The first settlements on the territory of modern Laos appeared about 10 thousand years ago. The origin of the Lao state dates back to the time of the migration of Thai-speaking peoples from South China to the Indochina Peninsula. From the 7th century in the western regions of the modern Chinese province of Yunnan, the powerful state of Nanzhao was formed, which actively conquered neighboring lands, including the territories of modern northern Laos. Then in the 7th c. the lands of modern southern Laos were conquered by the Khmer state of Chenla, which was replaced by the Angkor Empire in the 9th century.
In 1353, the Lao principalities on the territory of modern Laos and Eastern Thailand were united by the ruler Fa Ngum into a single centralized state of Lan Xang, one of the largest states in Indochina. Fa Ngum grew up in the Angkor court and was married to the daughter of a Khmer ruler. Under Fa Ngum, Lan Xang reached its peak of prosperity and power: due to the wars of conquest, the territory was significantly expanded, the country experienced an economic boom, and great monuments of architecture and religious literature were created. However, with the death of Fa Ngum, Lansang’s power began to fade, and internecine strife did not stop. As a result, at the beginning of the 18th century, the state broke up into three separate kingdoms – Luangahabang (Luang Prabang) in the north, Vientiane in the center and Champassak (Champassak, or Bassac) in the south. In the 30s.
After the capture of Vietnam by France and its subjugation of Cambodia in 1863, Laos fell into the sphere of interests of the French colonialists. Until 1950, the country remained part of French Indochina, with the exception of a short period of Japanese occupation during the Second World War. Laos gained full independence in 1953. Since 1964, the United States began to actively intervene in the country’s internal politics, assigning it the role of a springboard for aggressive actions in Indochina. It was only in 1973 that a ceasefire was decided, and in December 1975 the Lao People’s Democratic Party was established. In 1988, Laos was opened to foreigners, and in 1997 the country was admitted to ASEAN. In 1995, UNESCO recognized the city of Luang Prabang as a world cultural heritage site, and in 2001, Wat Phu Champassak temple in South Laos also added to the UNESCO list.
According to Thesciencetutor, Laos is the least economically developed of the three former French colonies of Indochina, where there are no railways, and the network of other means of communication, and the telecommunications system remains rather weak. Most of the population is engaged in agriculture. Rice is cultivated on 90% of arable land, corn, soybeans, sweet potatoes, cassava and vegetables are also grown, cotton, tobacco and sugar cane are industrial crops, and coffee is export crops. Manufacturing enterprises are limited to the processing of agricultural raw materials (rice cleaning) and sawmilling.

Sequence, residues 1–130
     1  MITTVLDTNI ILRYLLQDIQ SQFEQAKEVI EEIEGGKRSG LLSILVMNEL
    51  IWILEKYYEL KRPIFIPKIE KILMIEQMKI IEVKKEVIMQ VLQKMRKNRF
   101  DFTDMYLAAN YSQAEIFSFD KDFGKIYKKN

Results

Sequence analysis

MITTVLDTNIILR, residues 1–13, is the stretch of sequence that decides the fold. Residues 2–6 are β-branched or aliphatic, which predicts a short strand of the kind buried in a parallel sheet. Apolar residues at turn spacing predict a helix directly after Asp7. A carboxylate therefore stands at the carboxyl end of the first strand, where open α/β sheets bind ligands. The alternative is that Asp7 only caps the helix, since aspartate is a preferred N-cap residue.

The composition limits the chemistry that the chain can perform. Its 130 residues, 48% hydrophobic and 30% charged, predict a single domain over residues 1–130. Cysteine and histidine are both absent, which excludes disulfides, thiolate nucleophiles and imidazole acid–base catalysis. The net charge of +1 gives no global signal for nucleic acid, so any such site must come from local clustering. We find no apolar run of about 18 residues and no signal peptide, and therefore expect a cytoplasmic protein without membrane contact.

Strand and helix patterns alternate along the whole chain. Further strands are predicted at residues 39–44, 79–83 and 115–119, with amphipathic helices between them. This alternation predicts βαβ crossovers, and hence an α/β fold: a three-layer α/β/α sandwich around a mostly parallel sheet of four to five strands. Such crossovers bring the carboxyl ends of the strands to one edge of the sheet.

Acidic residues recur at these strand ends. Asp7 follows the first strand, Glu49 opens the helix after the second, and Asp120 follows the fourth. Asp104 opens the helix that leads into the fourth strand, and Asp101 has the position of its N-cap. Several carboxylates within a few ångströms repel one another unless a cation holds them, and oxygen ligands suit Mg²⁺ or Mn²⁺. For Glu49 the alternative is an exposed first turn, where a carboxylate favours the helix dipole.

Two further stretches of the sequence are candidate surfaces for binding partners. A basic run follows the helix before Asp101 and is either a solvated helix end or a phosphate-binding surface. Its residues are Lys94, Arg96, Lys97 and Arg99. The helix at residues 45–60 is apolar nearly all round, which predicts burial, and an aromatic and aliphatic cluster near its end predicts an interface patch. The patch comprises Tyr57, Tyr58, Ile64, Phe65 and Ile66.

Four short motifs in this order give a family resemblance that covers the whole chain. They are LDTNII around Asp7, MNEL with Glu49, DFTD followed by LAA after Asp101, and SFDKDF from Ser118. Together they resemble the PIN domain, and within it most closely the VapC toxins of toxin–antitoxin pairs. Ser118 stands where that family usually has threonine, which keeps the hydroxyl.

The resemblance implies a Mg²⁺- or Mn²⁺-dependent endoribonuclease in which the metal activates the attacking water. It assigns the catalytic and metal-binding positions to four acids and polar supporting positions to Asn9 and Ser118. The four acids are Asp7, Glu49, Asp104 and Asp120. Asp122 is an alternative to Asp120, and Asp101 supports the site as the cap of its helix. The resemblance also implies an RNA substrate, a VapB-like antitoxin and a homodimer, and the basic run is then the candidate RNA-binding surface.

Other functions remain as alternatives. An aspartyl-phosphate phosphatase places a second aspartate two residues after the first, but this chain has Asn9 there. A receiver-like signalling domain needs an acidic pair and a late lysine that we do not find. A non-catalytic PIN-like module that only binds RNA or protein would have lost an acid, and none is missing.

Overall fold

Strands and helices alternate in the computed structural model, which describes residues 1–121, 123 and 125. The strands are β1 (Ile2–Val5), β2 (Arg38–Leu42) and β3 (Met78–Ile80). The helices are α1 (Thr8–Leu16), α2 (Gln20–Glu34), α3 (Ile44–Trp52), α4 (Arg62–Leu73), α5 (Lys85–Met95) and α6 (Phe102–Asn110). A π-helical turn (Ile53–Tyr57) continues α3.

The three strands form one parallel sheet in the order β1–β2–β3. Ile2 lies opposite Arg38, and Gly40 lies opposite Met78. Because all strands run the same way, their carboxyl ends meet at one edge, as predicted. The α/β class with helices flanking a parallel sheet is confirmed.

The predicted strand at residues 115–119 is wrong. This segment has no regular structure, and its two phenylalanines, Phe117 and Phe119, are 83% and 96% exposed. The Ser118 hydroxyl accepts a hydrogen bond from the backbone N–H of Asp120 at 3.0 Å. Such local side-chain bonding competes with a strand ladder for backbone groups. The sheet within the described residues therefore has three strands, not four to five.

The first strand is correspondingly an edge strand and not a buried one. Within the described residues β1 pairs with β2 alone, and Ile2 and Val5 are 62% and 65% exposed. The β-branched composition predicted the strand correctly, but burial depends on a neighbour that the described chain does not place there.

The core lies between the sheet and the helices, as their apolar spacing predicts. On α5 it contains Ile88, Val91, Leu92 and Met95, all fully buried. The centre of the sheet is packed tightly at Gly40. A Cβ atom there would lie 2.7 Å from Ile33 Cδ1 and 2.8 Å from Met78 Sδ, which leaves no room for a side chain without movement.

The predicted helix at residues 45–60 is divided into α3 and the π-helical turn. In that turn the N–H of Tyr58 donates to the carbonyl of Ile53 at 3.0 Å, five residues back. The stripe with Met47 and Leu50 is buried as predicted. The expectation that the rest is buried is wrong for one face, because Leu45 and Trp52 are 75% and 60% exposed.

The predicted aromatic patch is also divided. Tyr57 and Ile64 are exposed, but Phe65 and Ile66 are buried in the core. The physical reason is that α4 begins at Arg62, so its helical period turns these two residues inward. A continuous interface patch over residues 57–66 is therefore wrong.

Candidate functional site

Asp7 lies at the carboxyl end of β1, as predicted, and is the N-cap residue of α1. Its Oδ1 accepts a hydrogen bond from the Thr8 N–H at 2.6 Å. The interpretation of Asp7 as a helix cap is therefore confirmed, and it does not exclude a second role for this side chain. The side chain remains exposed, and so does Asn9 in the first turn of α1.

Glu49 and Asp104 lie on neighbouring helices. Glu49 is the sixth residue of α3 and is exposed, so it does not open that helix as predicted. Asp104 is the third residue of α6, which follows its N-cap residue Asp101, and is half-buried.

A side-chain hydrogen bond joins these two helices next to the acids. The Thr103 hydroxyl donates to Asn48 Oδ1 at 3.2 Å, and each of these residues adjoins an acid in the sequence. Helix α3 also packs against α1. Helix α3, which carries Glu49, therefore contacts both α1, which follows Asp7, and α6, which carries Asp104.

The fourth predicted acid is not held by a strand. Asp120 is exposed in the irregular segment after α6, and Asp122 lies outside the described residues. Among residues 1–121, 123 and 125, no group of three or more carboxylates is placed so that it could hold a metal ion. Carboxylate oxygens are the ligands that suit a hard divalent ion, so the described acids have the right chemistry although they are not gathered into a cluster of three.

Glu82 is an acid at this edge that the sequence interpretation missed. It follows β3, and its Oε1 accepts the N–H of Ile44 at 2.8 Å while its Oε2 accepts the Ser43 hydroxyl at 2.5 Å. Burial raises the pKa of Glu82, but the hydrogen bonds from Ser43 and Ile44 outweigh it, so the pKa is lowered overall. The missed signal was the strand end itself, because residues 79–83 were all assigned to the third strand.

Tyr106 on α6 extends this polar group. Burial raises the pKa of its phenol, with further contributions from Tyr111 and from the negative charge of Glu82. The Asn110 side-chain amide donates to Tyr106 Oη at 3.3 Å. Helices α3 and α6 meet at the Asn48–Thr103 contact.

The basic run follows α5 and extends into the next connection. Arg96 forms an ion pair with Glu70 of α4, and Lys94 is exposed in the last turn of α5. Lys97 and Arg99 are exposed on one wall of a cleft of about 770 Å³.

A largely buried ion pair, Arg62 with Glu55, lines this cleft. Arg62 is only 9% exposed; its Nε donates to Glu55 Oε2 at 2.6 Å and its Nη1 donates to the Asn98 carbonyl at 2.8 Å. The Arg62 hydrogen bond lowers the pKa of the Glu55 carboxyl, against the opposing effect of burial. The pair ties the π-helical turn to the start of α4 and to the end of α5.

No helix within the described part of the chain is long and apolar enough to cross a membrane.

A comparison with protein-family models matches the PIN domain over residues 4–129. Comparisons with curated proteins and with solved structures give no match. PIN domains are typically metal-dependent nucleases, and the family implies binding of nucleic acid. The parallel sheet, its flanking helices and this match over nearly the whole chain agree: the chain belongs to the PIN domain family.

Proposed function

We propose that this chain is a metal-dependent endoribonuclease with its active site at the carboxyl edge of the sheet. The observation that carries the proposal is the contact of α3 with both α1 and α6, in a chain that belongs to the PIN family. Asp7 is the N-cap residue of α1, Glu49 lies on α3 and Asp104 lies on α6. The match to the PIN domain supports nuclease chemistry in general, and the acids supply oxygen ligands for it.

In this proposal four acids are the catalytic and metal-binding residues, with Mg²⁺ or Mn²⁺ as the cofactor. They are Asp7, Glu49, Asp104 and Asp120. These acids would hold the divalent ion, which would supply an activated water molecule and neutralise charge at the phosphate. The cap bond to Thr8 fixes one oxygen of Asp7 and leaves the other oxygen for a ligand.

Laos is one of the safest places in Southeast Asia. In almost all cases, the Laotians are hospitable and treat tourists with great respect. Sometimes, however, there are cases of petty theft and pickpocketing, so do not carry large amounts of money, valuables, documents with you, and keep it all in a safe.
No vaccinations are officially required to travel to Laos. However, all of Laos, with the exception of the main tourist areas – Vientiane and Luang Prabang, is an area with an increased risk of malaria, so it is advisable to take measures to prevent this disease before traveling to remote areas during the wet season. Try to protect yourself from mosquito bites and check with your doctor about preventive medication and vaccinations before you leave. Hepatitis A, typhoid and tetanus vaccinations are also recommended. Before the trip, form and take a first aid kit with you, which will help you with minor ailments, save you time looking for medicines and get rid of the problems of communicating in a foreign language.
Tap water is not to be drunk, nor is it worth buying food on the street. Also, do not order drinks with ice. The first three days of your stay in the country should refrain from abundant consumption of fruits and vegetables. It is not recommended to eat in shops, cafes, the appearance of which is not credible.
When visiting Laos, it is mandatory to have an insurance with proper insurance coverage. In the event of an insured event, you must contact the office of the insurance company, the phone number of which is indicated in the insurance policy (the call is free).
It is not recommended to visit the areas bordering Cambodia, since there are many minefields left since the war, and even with a guide, the danger is too great. Drugs are illegal in Laos, locals who openly smoke marijuana will often offer you marijuana, but it is strongly not recommended to buy it.